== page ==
Yamaha VP1:  The Secret instrument nobody knows

by Thor Zollinger, writer/musician/engineer at large.  2020

Greetings my friends.  I have an extraordinary instrument to reveal, the amazing Yamaha VP1 synthesizer.  It was designed, tested and marketed, but only a small handful were ever produced.  It’s almost unknown to most people.  Let me begin…

Dr. Toshifumi Kunimoto and his fellow engineers had just completed their work on the hugely successful Yamaha DX7 FM synthesizer.  He and his organization, known as K’s Lab, were given a directive from upper management to “create the next tone generation system within five years.”  His group researched heavily into sound decay and other acoustic phenomena.  Using an inspired college thesis, he and his colleagues created the astounding Yamaha VL1, which models the transient behaviors of both wind and string instruments.  The sounds it produces are absolutely amazing!  But it takes a wind player to really understand it and play it correctly. 

Here is an example of how amazingly realistic the VL1 sounds!

                 Yamaha VL1 Demo 

In parallel to the VL1, Dr. Kunimoto and his team also created the Yamaha VP1, a polyphonic virtual acoustic synthesizer.  Where the VL1 was a one or two note solo instrument, the VP1 is a 16 note expressive VP instrument.  The two sound models are quite different, though.  The VL1 uses an S/VA Self Oscillating model, where energy is continuously injected into the model with the breath or bow of the musician.  The model continuously recalculates the effects of that energy on the internal sound waves, and kicks out astoundingly realistic tones.  It can replicate every nuance of the Saxophone right down to the reed squawks, or even the mode changes in a Trumpet.  The VP1 in contrast uses an F/VA Free Oscillating model, where the instrument note is struck or plucked.  The energy going in is short and instantaneous, like a Marimba or plucked Violin.  It didn’t require all of the calculations on the front end of the sound, so all of the calculations were shifted to the resonant part of the model on the back end.  It was supposed to model a different class of instruments, like the Piano or Guitar.

The independent patch programmers went in an interesting direction, though.  They searched for new and futuristic ways to program the instrument and came up with five patch banks of mostly experimental sounds.  The main patch bank is detailed and explained in the Performance Notes pdf, but until I got my hands on the editor I had no idea there were four more banks of voices.  Nearly all of the patches are wild and crazy, like no other synthesizer you’ve ever heard before. 

There is also an anomaly in the Mac Editor for the VP1, in the inharmonisity algorithm.  The algorithm/effect gets progressively deeper as you go up the keyboard which meant the patch programmers had to decrease it’s effects in the upper portion of the patch in order to keep it under control in the higher ranges.  Aside from that, the Stiffness parameter, called Inharmonisity, is the single biggest technical innovation in this synthesizer, and it’s virtually unknown to almost everyone.  I go into a lot of details on this aspect of the synth in the Editor Guide I wrote, which is linked below.  No other synthesizer I’ve ever seen has this timbral capability.

In my opinion, the VP1 never did meet the original goals of Dr. K and the team, which were to realistically mimic the sound of all of the instruments in the orchestra, the ones the VL1 couldn’t do.  Few of the patches sounded anything like a conventional instrument.  The tools are all in there to make a full complement of hyper-expressive voices that might have rivaled the VL1.  However, talking to Manny Fernandez, the acoustic qualities of the instrument drivers were far less convincing than that of the VL1.  When compared side by side, Yamaha management could really hear the quality difference between the two technologies.  For realism, the VL1 was clearly the superior method.  VP technology was shelved.  Someone suggested they sell off the VP1 prototypes.  Musicians who tried out the VP1 were probably put off by the odd synthetic sounds it made and the lack of usable standard instrument patches.  It didn’t sound anything like the VL1 which it was marketed with.  At $30,000 a piece, the synthesizer never would have caught on.  Only a handful of VP1’s were ever produced.  The location of only three or four copies are known today, the others are in hiding.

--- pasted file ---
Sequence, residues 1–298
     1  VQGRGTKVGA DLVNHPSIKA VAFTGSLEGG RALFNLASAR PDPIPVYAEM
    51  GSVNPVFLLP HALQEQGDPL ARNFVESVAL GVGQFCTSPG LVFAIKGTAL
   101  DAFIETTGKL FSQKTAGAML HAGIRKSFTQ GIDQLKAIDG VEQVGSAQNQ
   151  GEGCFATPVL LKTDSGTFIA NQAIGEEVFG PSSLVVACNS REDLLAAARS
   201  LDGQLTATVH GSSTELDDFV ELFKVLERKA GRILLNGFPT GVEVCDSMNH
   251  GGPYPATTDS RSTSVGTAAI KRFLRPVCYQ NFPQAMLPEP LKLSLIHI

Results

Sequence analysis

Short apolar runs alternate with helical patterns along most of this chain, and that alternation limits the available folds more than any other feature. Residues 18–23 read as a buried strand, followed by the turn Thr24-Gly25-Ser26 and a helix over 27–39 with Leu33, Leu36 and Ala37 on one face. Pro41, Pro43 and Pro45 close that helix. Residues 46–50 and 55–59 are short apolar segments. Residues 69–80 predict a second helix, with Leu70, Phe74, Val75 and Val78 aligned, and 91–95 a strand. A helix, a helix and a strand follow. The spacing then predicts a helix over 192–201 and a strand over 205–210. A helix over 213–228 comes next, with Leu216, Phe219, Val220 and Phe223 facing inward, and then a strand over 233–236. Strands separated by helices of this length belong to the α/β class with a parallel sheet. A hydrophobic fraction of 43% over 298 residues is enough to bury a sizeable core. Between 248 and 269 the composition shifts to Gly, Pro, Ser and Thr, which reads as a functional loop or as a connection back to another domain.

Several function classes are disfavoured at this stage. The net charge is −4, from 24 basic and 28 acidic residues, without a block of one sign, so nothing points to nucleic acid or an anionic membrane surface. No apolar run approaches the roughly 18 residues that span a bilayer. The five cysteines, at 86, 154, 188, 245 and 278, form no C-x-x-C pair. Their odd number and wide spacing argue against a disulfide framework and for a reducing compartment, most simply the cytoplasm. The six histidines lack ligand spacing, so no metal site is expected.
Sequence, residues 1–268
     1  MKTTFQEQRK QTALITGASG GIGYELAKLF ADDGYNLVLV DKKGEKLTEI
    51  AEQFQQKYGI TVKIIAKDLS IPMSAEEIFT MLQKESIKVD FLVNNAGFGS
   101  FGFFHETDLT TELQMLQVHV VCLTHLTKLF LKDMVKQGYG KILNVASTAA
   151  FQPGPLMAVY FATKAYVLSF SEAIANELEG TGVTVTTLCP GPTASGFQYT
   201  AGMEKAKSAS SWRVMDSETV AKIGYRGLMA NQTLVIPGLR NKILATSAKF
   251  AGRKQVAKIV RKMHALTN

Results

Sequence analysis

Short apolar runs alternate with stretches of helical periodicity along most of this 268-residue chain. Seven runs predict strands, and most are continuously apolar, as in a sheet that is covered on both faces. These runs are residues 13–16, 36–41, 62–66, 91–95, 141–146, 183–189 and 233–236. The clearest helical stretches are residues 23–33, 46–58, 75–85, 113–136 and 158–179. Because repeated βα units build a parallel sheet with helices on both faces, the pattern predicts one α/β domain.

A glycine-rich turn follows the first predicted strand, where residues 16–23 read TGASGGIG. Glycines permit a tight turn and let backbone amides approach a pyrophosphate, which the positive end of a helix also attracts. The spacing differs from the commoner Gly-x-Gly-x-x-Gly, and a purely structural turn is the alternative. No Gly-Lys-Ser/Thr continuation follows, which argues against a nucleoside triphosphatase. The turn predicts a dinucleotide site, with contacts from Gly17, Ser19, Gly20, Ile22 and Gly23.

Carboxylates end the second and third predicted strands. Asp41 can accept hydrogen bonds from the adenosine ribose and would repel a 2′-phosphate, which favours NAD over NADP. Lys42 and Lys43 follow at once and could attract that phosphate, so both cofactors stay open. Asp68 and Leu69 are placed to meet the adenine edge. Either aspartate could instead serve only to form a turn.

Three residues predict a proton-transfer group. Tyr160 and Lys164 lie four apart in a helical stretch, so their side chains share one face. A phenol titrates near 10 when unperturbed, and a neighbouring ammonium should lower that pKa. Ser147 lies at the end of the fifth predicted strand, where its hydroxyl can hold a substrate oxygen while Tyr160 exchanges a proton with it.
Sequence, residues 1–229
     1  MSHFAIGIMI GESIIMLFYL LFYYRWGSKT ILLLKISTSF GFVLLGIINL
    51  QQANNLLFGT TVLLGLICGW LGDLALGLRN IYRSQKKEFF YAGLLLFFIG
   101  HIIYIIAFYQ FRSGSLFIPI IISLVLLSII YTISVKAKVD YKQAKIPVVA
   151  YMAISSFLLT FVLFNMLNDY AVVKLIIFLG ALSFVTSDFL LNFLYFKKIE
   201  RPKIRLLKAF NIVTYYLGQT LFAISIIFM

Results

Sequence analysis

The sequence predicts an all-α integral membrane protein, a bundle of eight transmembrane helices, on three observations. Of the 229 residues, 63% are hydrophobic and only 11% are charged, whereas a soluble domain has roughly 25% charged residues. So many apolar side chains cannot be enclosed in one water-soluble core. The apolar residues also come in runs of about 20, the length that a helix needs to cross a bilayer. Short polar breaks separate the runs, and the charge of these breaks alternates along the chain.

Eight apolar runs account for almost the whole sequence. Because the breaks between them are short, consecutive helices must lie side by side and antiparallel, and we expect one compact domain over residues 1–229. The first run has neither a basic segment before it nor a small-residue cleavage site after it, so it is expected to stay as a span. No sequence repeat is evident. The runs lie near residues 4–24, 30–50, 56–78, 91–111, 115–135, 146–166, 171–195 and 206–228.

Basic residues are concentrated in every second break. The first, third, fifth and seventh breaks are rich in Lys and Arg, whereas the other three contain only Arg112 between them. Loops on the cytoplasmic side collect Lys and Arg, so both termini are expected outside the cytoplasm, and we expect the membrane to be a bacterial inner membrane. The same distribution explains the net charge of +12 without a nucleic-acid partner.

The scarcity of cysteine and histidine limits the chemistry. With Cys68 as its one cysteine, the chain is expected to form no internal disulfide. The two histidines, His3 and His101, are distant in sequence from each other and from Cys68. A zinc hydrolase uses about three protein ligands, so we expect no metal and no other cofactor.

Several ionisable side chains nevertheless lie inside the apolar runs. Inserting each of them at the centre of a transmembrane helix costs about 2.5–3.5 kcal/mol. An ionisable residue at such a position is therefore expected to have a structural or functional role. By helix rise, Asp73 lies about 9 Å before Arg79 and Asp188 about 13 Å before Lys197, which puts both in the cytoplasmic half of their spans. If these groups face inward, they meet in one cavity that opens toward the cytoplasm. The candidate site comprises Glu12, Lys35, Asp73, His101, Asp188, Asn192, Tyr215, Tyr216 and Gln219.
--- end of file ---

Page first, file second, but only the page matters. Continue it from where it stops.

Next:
Inside the VP1 you find a large amount of physical hardware.  There are 16 computer processing boards along with the main backplane circuit board.  It’s a heavy beast.  The large number of custom sound processing chips on the boards were also a big part of the synthesizer.  They were expensive to produce and the VP1 had 32 of them inside.  The VL1 only uses four.  This drove the price of the unit way up into the stratosphere, the original marketing price was $30,000 each.  After a short test run selling the prototypes in Japan and Europe, Yamaha dropped the price significantly after only two months.  They had priced it too high and the market just wasn’t ready to spend that much for such a specialized synth.

Then I came along over 30 years later.  For some reason I was drawn to the instrument.  I dug everywhere trying to find every scrap of information I could find, every recording ever made, anything I could find that would tell me more about this amazing instrument nobody wanted.  I just knew there had to be more to the story, something hidden deep in the folds of time. 

Daniel Forro’s recordings and one sound sample CD from the late 90’s are really all we have to work with.  Daniel has an album of improvisations is called “VP1 Impressions, 1997”, a few of which are linked below so you can listen to them.  I contacted him and purchased the entire lot.